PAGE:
Final Exam Study Guide
Final Exam Study Guide PSY 290
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This 19 page Study Guide was uploaded by Mira Kawash on Wednesday December 2, 2015. The Study Guide belongs to PSY 290 at University of Miami taught by Rick Stuetzle in Fall 2015. Since its upload, it has received 42 views. For similar materials see Intro to Research Methods in Psychlogy at University of Miami.
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Date Created: 12/02/15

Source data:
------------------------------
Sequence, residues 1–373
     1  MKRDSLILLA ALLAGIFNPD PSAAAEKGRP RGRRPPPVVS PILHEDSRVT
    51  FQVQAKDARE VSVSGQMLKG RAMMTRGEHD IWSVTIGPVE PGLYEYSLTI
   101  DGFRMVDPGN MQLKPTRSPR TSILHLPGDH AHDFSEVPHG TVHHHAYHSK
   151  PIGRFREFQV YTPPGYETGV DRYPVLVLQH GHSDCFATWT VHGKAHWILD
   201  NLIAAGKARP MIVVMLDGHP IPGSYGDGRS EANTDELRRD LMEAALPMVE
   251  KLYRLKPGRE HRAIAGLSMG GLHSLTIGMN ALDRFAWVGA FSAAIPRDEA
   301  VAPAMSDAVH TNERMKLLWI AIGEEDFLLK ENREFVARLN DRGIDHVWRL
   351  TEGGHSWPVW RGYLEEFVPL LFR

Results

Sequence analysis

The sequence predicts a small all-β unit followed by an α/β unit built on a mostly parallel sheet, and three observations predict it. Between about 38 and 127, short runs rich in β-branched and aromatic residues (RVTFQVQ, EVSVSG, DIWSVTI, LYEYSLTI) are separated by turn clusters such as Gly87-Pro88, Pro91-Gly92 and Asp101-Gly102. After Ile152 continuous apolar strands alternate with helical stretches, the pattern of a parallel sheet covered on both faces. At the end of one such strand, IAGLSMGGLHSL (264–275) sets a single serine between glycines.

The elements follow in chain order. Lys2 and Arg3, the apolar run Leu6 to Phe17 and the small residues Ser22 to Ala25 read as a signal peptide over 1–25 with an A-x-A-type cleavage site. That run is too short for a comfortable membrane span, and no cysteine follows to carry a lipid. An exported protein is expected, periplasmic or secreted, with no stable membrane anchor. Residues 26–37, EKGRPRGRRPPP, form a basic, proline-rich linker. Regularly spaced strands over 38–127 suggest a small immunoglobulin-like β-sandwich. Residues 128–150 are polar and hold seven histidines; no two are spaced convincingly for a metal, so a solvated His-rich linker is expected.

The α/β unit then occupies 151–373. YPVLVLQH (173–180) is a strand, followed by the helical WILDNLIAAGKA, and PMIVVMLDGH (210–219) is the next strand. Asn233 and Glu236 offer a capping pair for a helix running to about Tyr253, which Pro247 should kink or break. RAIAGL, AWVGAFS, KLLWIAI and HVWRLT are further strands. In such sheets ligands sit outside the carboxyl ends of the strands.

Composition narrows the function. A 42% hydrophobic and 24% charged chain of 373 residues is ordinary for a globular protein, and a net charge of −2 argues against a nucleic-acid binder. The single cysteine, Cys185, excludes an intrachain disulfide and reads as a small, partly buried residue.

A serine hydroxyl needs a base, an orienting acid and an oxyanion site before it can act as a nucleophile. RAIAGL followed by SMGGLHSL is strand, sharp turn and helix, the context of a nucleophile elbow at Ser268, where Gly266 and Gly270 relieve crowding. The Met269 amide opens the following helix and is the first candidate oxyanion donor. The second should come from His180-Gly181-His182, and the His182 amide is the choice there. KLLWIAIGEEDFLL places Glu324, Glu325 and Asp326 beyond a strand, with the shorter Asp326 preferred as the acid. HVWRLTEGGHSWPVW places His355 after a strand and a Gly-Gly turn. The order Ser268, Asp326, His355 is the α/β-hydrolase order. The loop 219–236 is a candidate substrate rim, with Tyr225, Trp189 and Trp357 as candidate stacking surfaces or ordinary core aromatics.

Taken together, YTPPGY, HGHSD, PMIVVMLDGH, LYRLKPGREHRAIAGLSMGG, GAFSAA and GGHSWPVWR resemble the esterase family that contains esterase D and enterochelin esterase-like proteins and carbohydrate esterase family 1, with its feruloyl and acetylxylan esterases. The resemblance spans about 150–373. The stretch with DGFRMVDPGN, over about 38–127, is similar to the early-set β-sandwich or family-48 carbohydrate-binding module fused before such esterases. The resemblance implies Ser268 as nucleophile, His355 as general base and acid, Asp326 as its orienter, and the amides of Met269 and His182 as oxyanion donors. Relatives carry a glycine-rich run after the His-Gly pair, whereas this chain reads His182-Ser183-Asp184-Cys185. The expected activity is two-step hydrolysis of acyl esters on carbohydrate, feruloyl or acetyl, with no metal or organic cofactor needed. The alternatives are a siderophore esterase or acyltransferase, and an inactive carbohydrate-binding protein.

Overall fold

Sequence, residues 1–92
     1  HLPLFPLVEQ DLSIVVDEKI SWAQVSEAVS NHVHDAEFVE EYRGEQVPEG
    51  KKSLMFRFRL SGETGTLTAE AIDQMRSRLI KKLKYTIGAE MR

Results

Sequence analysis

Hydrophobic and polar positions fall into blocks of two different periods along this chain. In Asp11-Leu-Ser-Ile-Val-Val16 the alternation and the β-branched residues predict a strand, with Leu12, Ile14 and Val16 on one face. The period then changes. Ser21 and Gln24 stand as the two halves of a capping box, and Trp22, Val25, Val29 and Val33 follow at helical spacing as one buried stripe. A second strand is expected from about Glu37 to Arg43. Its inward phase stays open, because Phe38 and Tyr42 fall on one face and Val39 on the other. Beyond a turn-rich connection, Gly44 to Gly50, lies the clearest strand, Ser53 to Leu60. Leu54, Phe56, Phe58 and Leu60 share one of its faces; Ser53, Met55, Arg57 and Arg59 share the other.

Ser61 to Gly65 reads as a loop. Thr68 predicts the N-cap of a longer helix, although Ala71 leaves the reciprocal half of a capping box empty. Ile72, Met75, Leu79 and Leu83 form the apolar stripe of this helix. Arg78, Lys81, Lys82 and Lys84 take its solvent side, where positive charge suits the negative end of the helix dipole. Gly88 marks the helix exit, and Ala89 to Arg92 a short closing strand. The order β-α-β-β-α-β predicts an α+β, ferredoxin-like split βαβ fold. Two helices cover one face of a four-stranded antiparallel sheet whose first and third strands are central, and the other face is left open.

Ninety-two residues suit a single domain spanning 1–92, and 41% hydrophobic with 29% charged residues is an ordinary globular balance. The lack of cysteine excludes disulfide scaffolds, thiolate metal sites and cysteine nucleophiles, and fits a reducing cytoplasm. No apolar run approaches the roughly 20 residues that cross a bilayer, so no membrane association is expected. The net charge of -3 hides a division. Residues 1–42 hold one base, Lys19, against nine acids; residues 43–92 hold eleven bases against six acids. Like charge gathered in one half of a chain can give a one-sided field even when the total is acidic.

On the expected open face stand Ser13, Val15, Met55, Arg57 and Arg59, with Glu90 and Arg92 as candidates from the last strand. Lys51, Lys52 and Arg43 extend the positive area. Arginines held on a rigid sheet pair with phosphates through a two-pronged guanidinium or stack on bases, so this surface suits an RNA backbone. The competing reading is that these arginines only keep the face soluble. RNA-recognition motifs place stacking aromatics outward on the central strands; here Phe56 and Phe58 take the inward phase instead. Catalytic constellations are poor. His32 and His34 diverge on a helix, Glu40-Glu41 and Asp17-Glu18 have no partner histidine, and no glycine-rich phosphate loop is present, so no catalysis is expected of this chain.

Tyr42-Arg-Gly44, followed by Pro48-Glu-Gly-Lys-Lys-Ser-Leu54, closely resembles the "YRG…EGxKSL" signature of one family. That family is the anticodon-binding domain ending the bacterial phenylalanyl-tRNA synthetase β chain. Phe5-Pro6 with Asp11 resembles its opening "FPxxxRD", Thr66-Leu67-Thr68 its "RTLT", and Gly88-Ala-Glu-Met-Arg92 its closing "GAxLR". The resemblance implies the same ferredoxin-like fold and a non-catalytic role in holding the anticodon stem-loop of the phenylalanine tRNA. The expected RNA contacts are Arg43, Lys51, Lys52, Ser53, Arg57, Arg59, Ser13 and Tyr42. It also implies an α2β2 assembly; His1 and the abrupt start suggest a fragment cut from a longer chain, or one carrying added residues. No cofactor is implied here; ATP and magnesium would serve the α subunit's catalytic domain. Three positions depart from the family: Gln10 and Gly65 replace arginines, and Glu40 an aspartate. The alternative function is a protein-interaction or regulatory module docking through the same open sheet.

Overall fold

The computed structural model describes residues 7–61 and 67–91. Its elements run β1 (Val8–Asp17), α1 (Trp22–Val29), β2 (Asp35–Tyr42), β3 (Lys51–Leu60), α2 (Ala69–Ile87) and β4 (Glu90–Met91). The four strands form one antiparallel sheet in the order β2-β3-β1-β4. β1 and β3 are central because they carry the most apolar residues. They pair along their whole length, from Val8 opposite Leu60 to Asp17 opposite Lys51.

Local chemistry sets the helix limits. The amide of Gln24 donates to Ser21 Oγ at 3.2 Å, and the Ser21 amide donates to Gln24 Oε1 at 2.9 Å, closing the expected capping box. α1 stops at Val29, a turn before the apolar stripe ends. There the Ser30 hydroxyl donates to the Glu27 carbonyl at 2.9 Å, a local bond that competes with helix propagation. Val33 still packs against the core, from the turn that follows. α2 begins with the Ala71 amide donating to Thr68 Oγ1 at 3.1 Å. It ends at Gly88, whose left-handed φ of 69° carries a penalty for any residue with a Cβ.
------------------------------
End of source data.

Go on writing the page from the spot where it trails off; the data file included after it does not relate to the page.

Chapter 9 Correlational Research 12215 612 PM Psychology s Two Disciplines Correlational psychology is concerned with investigating the relationships between naturally occurring variables and with studying individual differences The experimental psychologist is not usually interested in individual differences however but rather with minimizing or controlling these differences in order to show that some stimulus factor influences every individual s behavior in a predictable way to a measurable degree Correlation and Regression The Basics Positive correlation the relationship is such that a high score on one variable is associated with a high score on the second variable similarly a low score on one relates to a low score on the other Negative Correlation on the other hand is an inverse relationship The Method of Concomitant variation merely states that changes in the value of one variable are accompanied by predictable changes in a second variable Positive and Negative Correlations The strength of a correlation is indicated by the size of a statistic called the coefficient of correlation which ranges from 100 for a perfect negative correlation through 000 for no relationship to 100 for a perfect positive correlation The most common coefficient is Pearson s r named for Karl Pearson the British statistician who rivals Sir Donald Fisher ANOVA in stature o The Pearson s r is calculated for data measured on either an interval or a ratio scale Scatterplots Scatterplot it provides a visual representation of the relationship shown by a correlation Correlations produce points falling on a straight line whereas a correlation of zero yields a scatterplot in which points appear to be randomly distributed on the surface of the graph Restricting the Range Restricting the Range of one or both of the measured variables weakens the correlation Being Aware of Outliers An outlier is a score that is dramatically different from the remaining scores in a data set Coefficient of Determination rAZ Coefficient of determinationr 2 it is found by squaring the Pearson s r hence the coefficient will always be a positive number regardless of whether the correlation is positive or negative RAZ is defined as the portion of variability in one of the variables in the correlation that can be accounted for by variability in the second variable Regression Analysis Making Predictions Regression Analysis making predictions on the basis of correlational research Regression line this line is used for making the predictions and is called the line of best fit it provides the best possible way of summarizing the points on the scatterplot o The formula is Yabx Criterion Variable in a regression analysis the variable being predicted form the predictor variable eg college grades are predicted from SAT scores Predictor Variable in a regression analysis the variable used to predict the criterion variable eg SAT scores are used to predict college grades When ever you encounter the terms risk factor or profile you can be sure regression analysis has occurred Directionality Directionality Problem in correlation research the fact for a correlation between variables X and Y it is possible that X is causing Y but is also possible that Y is causing X the correlation alone provides no basis for deciding between the two alternatives Third Variables Third Variable Problem the problem of drawing causal conclusion in correlational research third variables are uncontrolled factors that could underline a correlation between variables X and Y Partial correlation which attempts to control for third variables statistically Caution Correlational Statistics versus Correlational Research A Pearson s r can be calculated whenever you wish to examine the relationship between any two variables 0 Although this might occur most frequently in a correlational study it can also occur in an experimental study in which the researcher calculates a correlation between the independent variable and the dependent variable Varieties of Correlational Research Correlations are especially prevalent in o a research concerning the development of psychological tests in which reliability and validity are asses o b research in personality and abnormal psychology two areas full of subject variables 0 c twin studies research in the Galton tradition that relates to the naturenurture issue Splithalf reliability this involves dividing in half the items that make up a particular subtest eg evennumbered versus odd numbered items and correlating the two halves o The correlation should be high if the test is reliable someone scoring high on one half should score high on the other half as well Testretest reliability the relationship between two separate administrations of the test 0 Again these reliabilities should be high a reliable test yields consistent results from one testing to another Intraclass correlation A form of correlation used when pairs of scores do not come from the same individual as when correlations are calculated for pairs of twins Multivariate Analysis Bivariate approach that investigates the relationships between any two variables Multivariate approach on the other hand examines the relationships among more than two variables often many more than two Multiple Regression Multiple regression study that has one criterion variable and a minimum of two predictor variables 0 The analysis enable you to determine not just that these two or more variable combine to predict some criterion but also the relative strengths of the predictors Factor Analysis Factor analysis in this procedure a large number of variables are measured and correlated with each other 0 It is then determined whether groups of these variables cluster together to form factors Correlation Matrix A table that summarizes a series of correlations among several variables Factor analysis is a multivariate statistical tool that identifies factors from sets of intercorrelations among variables Factor loadings in essence are correlations between each of the measures and each other identified factors Chapter 10 QuasiExperimental Designs and Applied Research 12215 612 PM Beyond the Laboratory Applied research is designed primarily to increase our knowledge about a particular real world problem with an eye toward directly solving it A second distinction between basic and applied research is that while basic research usually takes place in a laboratory applied research is often conducted in clinics social service agencies jails government agencies and business settings Virtually all applied research has the dual function of addressing applied problems directly and providing evidence of basic psychological phenomena that influence theory development Design Problems in Applied Research Most of the problems encountered in applied research which include 0 Ethical dilemmas A study conducted outside of the laboratory may create problems relating to informed consent and privacy 0 A tradeoff between internal and external validity Because research in applied psychology often takes place in the field the researcher can lose control over the variables operating in the study 0 Problems unique to betweensubject designs In applied research it is often impossible to use random assignment to form equivalent groups 0 Problems unique to withinsubject designs It is not always possible to counterbalance properly in applied studies using withinsubjects factors Hence the studies may have uncontrolled order effects Also attrition can be a problem for studies that extend over a long period QuasiExperimental Designs Quasiexperimental design occurs when causal conclusions about he effect of an independent variable cannot be drawn because subjects cannot be randomly assigned to the groups being given different levels of an independent variable Quasiexperiments have great value in applied research 0 They do allow for a degree of control they serve when ethical or practical problems make random assignment impossible and they often produce results with clean benefits for people s lives Archival research involves answering empirical questions by using information already collected for some other purpose rather than by collecting new data 0 Because it often includes nonmanipulated independent variables archival research is often considered quasiexperimental Nonequivalent Control Group Design Nonequivalent control group design the groups are not equal at the start of the study in addition they experience different events in the study itself Nonequivalent control group designs typically include pretests but that is not always the case 0 Sometimes these designs occur when an unforeseen opportunity for research makes pretesting impossible Regression to the Mean and Matching A special threat to the internal validity of nonequivalent control group designs occurs when there is an attempt to reduce the nonequivalency of the groups through a form of matching Interrupted Time Series Designs Interrupted time series design is when they had been able to take measure for an extended period before and after the event expected to influence behavior Outcomes Trends which are relatively consistent patterns of events that occur with the passing of time Variations on the Basic Time Series Design Sometimes the conclusions from an interrupted time series design can be strengthened if some type of control comparison is made 0 One approach amounts to combining the best features of the nonequivalent control group design a control group and the interrupted time series design longterm trend analysis 0 A second strategy for strengthening conclusion from a time series study is when a program can be introduced in different locations at different times Interrupted time series with switching replications with this procedure the same treatment or program is put into place in two locations at two points in time n There is no control group but the design provides the benefit of a builtin replication 0 A third elaboration on an interrupted time series design again in the absence of a control group is to measure several dependent variables some expected to be influenced by interruption others not expected to change Research Using Archival Data Archival data is information already gathered for some reason aside from the research project at hand 0 These data range from public information such as census data court records genealogical data corporate annual reports and patent office records to more private information such as credit histories health history data education records personal correspondence and diaries Content analysis can be defined as any systematic examination of qualitative information in terms of predefined categories The most obvious strength of archival research is the amount of information available is virtually unlimited and the possibilities for archival research are restricted only by the creativity of the investigator 0 Despite the vast amount of data available some information vital to a researcher may be missing or the available data may not be representative of some population Another problem with archival research is experimenter bias 0 In archival research this bias can take the form of attending more closely to records that support one s hypothesis or interpreting the content of records in away that is biased by one s expectations 0 But the problem can also be managed most of the time by using control procedures eg not disclosing the hypothesis to those responsible for coding or classifying the archival data in effect a double blind procedure One problem faceted by researchers that does not occur with archival research is participant reactivity o For those participating directly in a research study the knowledge that their behavior is being observed can influence the behavior in ways that yield a distorted result Program Evaluation Program evaluation applied research that attempts to asses the effectiveness and value of public policy or specially designed programs More generally program evaluation includes 0 a procedures for determining if a need exists for a particular program and who would benefit it the program is implemented b assessment of whether a program is being run according to plan and if not what changes can be made to facilitate its operation c methods for evaluating program outcomes d cost analyses to determine if program benefits justify the funds expended Planning for Programs Need Analysis Needs analysis is a set of procedures for predicting whether a population of sufficient size exists that would benefit from the proposed program whether the program could solve a clearly defined problem and whether members of the population would actually use the program There are several ways to identify the potential need for a program These include 0 O 0 Census data Surveys of available resources Surveys of potential users Key informants focus groups and community forums Key informant is someone in the community who has a great deal of experience and specialized knowledge about the problem at hand that is otherwise unavailable to the researcher Focus group is a small group whose members respond to a set of openended questions about some topic such as the need for a particular program Community forum an open meeting at which all members of a community affected by a potential program are invited to come and participate Monitoring Programs Formative Evaluation Formative Evaluation Form of program evaluation that monitors the functioning of a program while it is operating to determine if it is functioning as planned A formative evaluation can include several components 0 O O For one thing it determines if the program is being implemented as planned A formative evaluation would determine whether the planned ads were placed in the newspapers at appropriate times and whether mass mailings of stickers with the hotline s number went out as planned Another general function of the formative evaluation is to provide data on how the program is being used Program audit An examination of whether a program is being implemented as planned a type of formative evaluation 0 A final part of a formative evaluation can be a pilot study Program implementation and some preliminary outcomes can be assessed on a small scale before extending the programs Evaluating Outcomes Summative Evaluations Summative Evaluations Form of program evaluation completed at the close of a program that attempts to determine its effectiveness in solving the problem which it was planned Formative evaluation is aimed at program improvement and is less likely to call into question the program s very existence Weighing Costs Cost Effectiveness Analysis Costeffectiveness analysis monitoring the actual costs of a program and relating those costs to the effectiveness of the program s outcomes A second type of cost analysis takes place during the planning stages for a program Estimating costs at the outset helps determine whether a program is feasible and provides a basis for the later comparison projected costs and actual costs Chapter 11 Small N Designs 12215 612 PM Misleading Results from Statistical Summaries of Grouped Data Individualsubject validity the extent to which a general research outcome applies to any one individual subject in the study A lack of individualsubject validity can produce erroneous conclusions about behavior Continuity theory learning is a gradual process of accumulating habit strength Noncontinuity theory holds that the children actively try out different hypotheses about the solution during the early trials Practical and Philosophical Problems with Large N Designs Small N designs are sometimes necessary because potential subjects are rare or difficult to find Large N designs may occasionally fail to reflect the behaviors of individuals and they may not be feasible even if they are desired but there are also philosophical reasons for preferring small N designs Inductive science reasoning from specific cases to general laws of behavior The Experimental Analysis of Behavior Operant conditioning this form of learning is a process in which the frequency of occurrence of a bit of behavior is modified by the consequences of behavior that is when some behavior occurs in a particular situation it will be followed by some consequence Rate of response the favored dependent variable of researchers working in the Skinnerian tradition refers to how frequently a behavior occurs per unit of time To predict and control behavior according to Skinner we must be able to specify three things 0 1 the occasion upon which the relationship occurs 0 2 the response itself 0 3 the reinforcing consequences Cumulative Recorder Apparatus for recording the subject s cumulative rate of response in operant conditioning studies Applied Behavior Analysis Applied Behavior analysis it includes any procedure that uses behavioral especially operant principles to solve reallife behavioral problems Elements of SingleSubject Designs First the target behaviors must be operationally defined The second feature of any singlesubject design is to establish a baseline level of responding 0 Baseline means the behavior in question must be observed for a period prior to treatment to determine its typical frequency The third element is to begin the treatment and continue to monitor the behavior AB Design A small N design in which a baseline period A is followed by a treatment period B Withdrawal Designs Withdrawal design A small N design n which a treatment is in place for a time and then removed to determine if the rate of behavior returns to baseline ABA Design A small N design in which a baseline period A is followed by a treatment period B followed by a period in which the treatment is reversed or withdrawn A ABAB Design Like an ABA design except that a second treatment period is established second B Multiple Baseline Designs A withdrawal design may also present ethical problems andor practical ones especially if the behavior being changed is selfdestructive Multiple baseline design several baseline measures are establish and then treatment is introduced at different times First multiple baselines can be established for the same type of behavior in several individuals essentially replication strategy The second type of multiple baseline design baselines are establish for three different behaviors within a single individual The third variety of a multiple baseline design tries to change one type of behavior in three different settings environments Changing Criterion Designs Changing criterion design a procedure inspired by the operant procedure or shaping in which a behavior is developed by reinforcing gradual approximations to the final desired behavior Social Validity this type of validity refers to o a whether a particular applied behavior analysis program has value for improving society 0 b whether its value is perceived as such by the study s participants 0 c the extent tot which the program is actually used by participants Alternating Treatment Designs Alternating treatment design A small N design that compares in the same study and for the same participants two or more forms of treatment for changing some behavior Evaluating SingleSubject Designs The most frequent complaint concerns external validity the extent to which results generalize beyond the specific conditions of the study and replicate consistently Advocates reply that generalization and replication are indeed evaluated directly in some studies Proponents of singlesubject designs also point out that external validity is often just as much of a problem for large N designs as it is for small N designs Singlesubject designs are also criticized for not using statistical analyses but for relying instead on the mere visual inspection of the data A third criticism of singlesubject designs is that they cannot test adequately for interactive effects A final criticism of small N designs in the operant tradition concerns their reliance on rate of response as the dependent variable 0 This approach seldom includes research using reaction times whether or not a word is recalled correctly amount of time spent looking as in a habituation study a number of other dependent variables that shed important light on behavior Small N research is not confined to the experimental analysis of behavior and applied behavior analysis Case study in psychology normally refers to a detailed description and analysis of a single individual 0 The method is occasionally referred to as a case history because it involves a close analysis of the history of that person s life or a substantial portion of it Evaluating Case Studies Case studies provide inductive support for a theory they can suggest hypotheses for further testing with other methods and they can serve the purpose of falsification Case studies also have important limitations however 0 First conclusions drawn on the basis of a single individual may not generalize that is here can be problems with external validity o A final limitation of case study methods concerns memory Participants in case studies of individuals are often required to recall events from the past and the writers of case histories also have to rely on memories of their encounters with the object of the case In sum case studies are susceptible to bias they lack control over extraneous variables and their results may not generalize easily but they can be useful in generating new research ideas they can help falsify weak theories and sometimes they are the only way to document an extraordinary person or event Chapter 12 Observational and Survey Research Methods 12215 612 PM Varieties of Observational Research First some observational studies are more global observing a variety of behaviors while others are narrower focusing on a specific behavior Second researchers impose varying degrees of structure on the setting being observed Studies with a very high degree of structure often take place in a laboratory environment and are sometimes called laboratory observation studies 0 One famous set of laboratory observation studies featured a procedure called the strange situation designed to investigate parent child attachment patterns The strange situation incorporates a sequence of events in which a parent a child and a stranger interact in a laboratory environment with observation occurring with twoway mirrors Naturalistic Observation Naturalistic observation the goal is to study the behaviors of people or animals as they act in their everyday environments In order for the researcher to feel confident the behavior being observed is typical in the observed environment it is important that is not be affected by the experimenter s presence 0 First in some naturalistic studies the observer is hidden form those being observed 0 In some naturalistic observations especially those involving animals it can be impossible for the observer to remain hidden the subjects quickly sense the presence of an outsider Participant Observation Participant observation it is when researchers will join a group being observed or at least make their presence known to the group 0 The chief virtue of this strategy is its power to get the investigator as close to the action as possible Challenges Facing Observational Methods Absence of Control Because of this lack of direct control the conclusions from observational studies must be drawn very carefully Despite the lack of control observational research can be a rich source of ideas for further study and it can sometimes serve the purpose of falsification an important strategy for theory testing Observational research can call ideas into question and it can also suggest hypotheses for further study Challenges Facing Observational Methods Observer Bias A second problem for those doing observational research is experimenter bias Observer bias means having preconceived ideas about what will be observed and having those ideas color one s observations Bias can also occur because observational studies may collect huge amounts of information o Deciding which observation to report involves reducing this information to a manageable size and the choice about what to select as relevant and what to omit can be affect by preconceived beliefs Behavior checklist are normally used these are lists of predefined behaviors that observers are trained to spot Time sampling is sometimes used in observational studies 0 Rather than trying to maintain a continues record of everything occurring behavior is sampled at predefined times and only at those times Event sampling selects a specific set of events for observation others are ignored Challenges Facing Observational Methods Participants Reactivity Reactivity that is your behavior would be influenced by the knowledge that you were being observed and recorded Unobtrusive measures these are measures taken of behavior either directly or indirectly when the subject is unaware of the measure being made Survey Research Survey is a structured set of questions or statements given to a group of people to measure their attitudes beliefs values or tendencies to act Because samples in many studies are not chosen using a random procedure the selection procedure is referred to as nonprobability sampling Probability Sampling This general sampling strategy is used whenever the goal is to survey a clearly identifiable group of individuals As a group those individuals are referred to as a population and any subset of them is a sample In probability sampling each member of the population has a definable probability of being selected for the sample In survey research it is important for the sample to reflect the attributes of the target population as a whole 0 When this happens the sample is representative if it doesn t happen the sample is biased Selfselection in surveys when the sample is composed of only those who voluntarily choose to respond the result can be a biased sample Random Sampling Simple random sample in essence this means each member of the population has an equal chance of being selected as a member of the sample Simple random sampling is often an effective practical way to create representative sample There are two problems with simple random sampling 0 First there may be systematic features of the population you might light to have reflected in your sample 0 Second the procedure may not be practical if the population is extremely large Stratified Sampling Stratified Sample the proportions of important subgroups in the population are represented precisely Cluster Sampling Cluster sampling a procedure frequently used by national polling organizations solves the problem With this approach the researcher randomly selects a cluster of people all having some feature in common If the selected clusters are too large the research can sample a smaller cluster within the larger one Nonprobability Sampling Convenience sample this is group of individuals who meet the general requirements of the study and are recruited in a variety of nonrandom ways Purposive sampling A nonprobability sample in which the researcher targets a particular group of individuals eg Milgram using working adults and avoiding college students Quota sampling the researcher attempts to accomplish the same goal as stratified sampling representing subgroups proportionally but does so in a nonrandom fashion Snowball sampling once a member of a particular group has been surveyed the researcher asks that person to help recruit additional subjects through a network of friends Interviews Interview survey A survey method in which the researcher interviews the participant face to face allows for more indepth surveying Even though the interviewer typically asks a standard set of questions the skilled interviewer is able to elicit considerable information through followup questions or probes Having an interview present also reduces the problem of unclear questions the interviewer can clarify on the spot Besides sampling issues other major problems with the interview approach are cost logistics and interviewer bias Interviewers must be hired and trained travel expenses can be substantial and interviews might be restricted to a fairly small geographic area because of the logistical problems of sending interview long distances Phone Surveys Phone surveying a survey method in which the researcher asks questions over the phone Sugging A marketing strategy in which an attempt to sell a product is made by disguising the sales pitch with what appears to be a legitimate survey the term is short for Selling Under the Guise of a Survey Phone surveying does have positive aspects 0 Cost is one obvious advantage over interviews and mailed survey 0 The method also combines the efficiency of a mailed survey with the personal contact of an interview 0 Another clear advantage over the interview is a logistical one many more participants can be contacted per unit of time o The phone surveyor is not likely to be highcrime areas To increase the chances of people responding one technique used by legitimate phone surveys is to precede the call with a brief letter or email alerting them a phone call is on the way Electronic Surveys Electronic surveying survey research conducted over the internet can be a survey sent viaemail or posted on a website First esurveys can be sent via email to a selected sample of individuals 0 Email lists can be purchased or following the ethically dubious lead of spammers obtained by using search spiders that search the Internet for posted emails and accumulate email addresses A second form of esurvey is one that can be posted on a website collecting data from those who choose to respond A third procedure tis to follow a probability sampling procedure with incentives for participating The main advantage of esurveying is that a large amount of data can be collected in relatively short time for minimal cost And with the internet open 24 hours a day esurveying can be completed in less time than other forms of surveys Although internet use is widespread the sample tends to be biased for instance responders are unlikely to be representative of all income and education levels Written Surveys Written survey the traditional survey is the paperandpencil type Written survey can be sent through the mail they can be administered in a group setting or they can put online Another problem with rate of return occurs when people who return surveys differ in some important way from those who don t 9 nonresponse bias Social Desirability bias sometimes people respond to a survey question in a way that reflect not how they truly feel or what they truly believe but how they think they should respond that is they attempt to create a positive picture of themselves one that is socially desirable Types of Survey Questions or Statements Openended question requires a response beyond yes or no participants must provide narrative information Closed question can be answered with a yes or a no by choosing a single response from among several alternatives Openended questions can be useful for eliciting a wide range of responses including some not even conceived of by the researchers They can also increase the respondent s sense of control while filing out the survey Another good use of openended questions is in a pilot study as way of identifying alternatives for a subsequent questionnaire to be composed of closed items Response acquiescence a tendency to agree with statements 0 To avoid these problems surveys with Likert scales typically balance favorable and unfavorable statements DK alternative in survey research when assessing levels of participant knowledge this is an alternative that means don t know Adding Demographic Information Demographic information is the basic data that identifies the survey respondent 0 These data can include age gender socioeconomic status marital status and so on In general it is a good idea to put questions about demographic information at the end of the survey Also you should include only demographic categories that are important empirical questions that interest you The more demographic information you include the longer the survey and the greater the risk the respondents will tune out A Key Problem Survey Wording First questions can be ambiguous as when people are asked whether they agree Second survey writers sometimes include too much in an item resulting in one that actually asks for two responses at once Doublebarreled question Third what lawyers call a leading question is one structured so that it is likely to produce an answered desired by the asker Surveys and Ethics One point worth noting about survey research is that in some cases the APA does not require informed consent A second point about survey research and ethics is that decisions affecting people s lives are sometimes made with the help of survey data and if the surveys are flawed and biased or poorly constructed people can be hurt or at the least have their time wasted